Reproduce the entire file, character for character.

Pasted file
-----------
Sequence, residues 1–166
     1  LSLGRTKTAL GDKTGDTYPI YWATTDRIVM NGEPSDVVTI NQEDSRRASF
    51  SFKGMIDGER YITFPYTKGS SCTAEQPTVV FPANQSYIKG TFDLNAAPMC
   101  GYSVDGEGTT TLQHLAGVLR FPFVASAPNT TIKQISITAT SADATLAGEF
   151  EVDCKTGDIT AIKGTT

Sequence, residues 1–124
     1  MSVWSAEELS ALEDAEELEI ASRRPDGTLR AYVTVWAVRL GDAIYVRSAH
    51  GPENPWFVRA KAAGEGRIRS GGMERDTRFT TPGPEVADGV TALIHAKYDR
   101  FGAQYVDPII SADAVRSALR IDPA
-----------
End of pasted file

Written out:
Sequence, residues 1–166
     1  LSLGRTKTAL GDKTGDTYPI YWATTDRIVM NGEPSDVVTI NQEDSRRASF
    51  SFKGMIDGER YITFPYTKGS SCTAEQPTVV FPANQSYIKG TFDLNAAPMC
   101  GYSVDGEGTT TLQHLAGVLR FPFVASAPNT TIKQISITAT SADATLAGEF
   151  EVDCKTGDIT AIKGTT

Sequence, residues 1–124
     1  MSVWSAEELS ALEDAEELEI ASRRPDGTLR AYVTVWAVRL GDAIYVRSAH
    51  GPENPWFVRA KAAGEGRIRS GGMERDTRFT TPGPEVADGV TALIHAKYDR
   101  FGAQYVDPII SADAVRSALR IDPA